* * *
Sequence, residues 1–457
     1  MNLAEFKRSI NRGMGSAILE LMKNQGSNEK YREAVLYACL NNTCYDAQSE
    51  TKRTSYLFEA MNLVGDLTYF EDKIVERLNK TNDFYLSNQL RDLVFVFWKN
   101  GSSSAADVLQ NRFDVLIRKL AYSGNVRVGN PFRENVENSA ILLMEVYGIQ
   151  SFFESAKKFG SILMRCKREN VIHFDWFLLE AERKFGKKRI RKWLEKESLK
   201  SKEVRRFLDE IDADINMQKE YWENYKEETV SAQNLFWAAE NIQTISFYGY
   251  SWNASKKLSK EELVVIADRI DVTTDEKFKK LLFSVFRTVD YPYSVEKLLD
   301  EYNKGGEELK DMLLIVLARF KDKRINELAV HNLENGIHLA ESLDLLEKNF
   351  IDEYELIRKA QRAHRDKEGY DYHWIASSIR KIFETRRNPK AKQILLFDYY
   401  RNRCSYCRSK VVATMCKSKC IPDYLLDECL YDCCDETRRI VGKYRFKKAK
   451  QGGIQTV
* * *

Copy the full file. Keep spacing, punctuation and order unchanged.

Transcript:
Sequence, residues 1–457
     1  MNLAEFKRSI NRGMGSAILE LMKNQGSNEK YREAVLYACL NNTCYDAQSE
    51  TKRTSYLFEA MNLVGDLTYF EDKIVERLNK TNDFYLSNQL RDLVFVFWKN
   101  GSSSAADVLQ NRFDVLIRKL AYSGNVRVGN PFRENVENSA ILLMEVYGIQ
   151  SFFESAKKFG SILMRCKREN VIHFDWFLLE AERKFGKKRI RKWLEKESLK
   201  SKEVRRFLDE IDADINMQKE YWENYKEETV SAQNLFWAAE NIQTISFYGY
   251  SWNASKKLSK EELVVIADRI DVTTDEKFKK LLFSVFRTVD YPYSVEKLLD
   301  EYNKGGEELK DMLLIVLARF KDKRINELAV HNLENGIHLA ESLDLLEKNF
   351  IDEYELIRKA QRAHRDKEGY DYHWIASSIR KIFETRRNPK AKQILLFDYY
   401  RNRCSYCRSK VVATMCKSKC IPDYLLDECL YDCCDETRRI VGKYRFKKAK
   451  QGGIQTV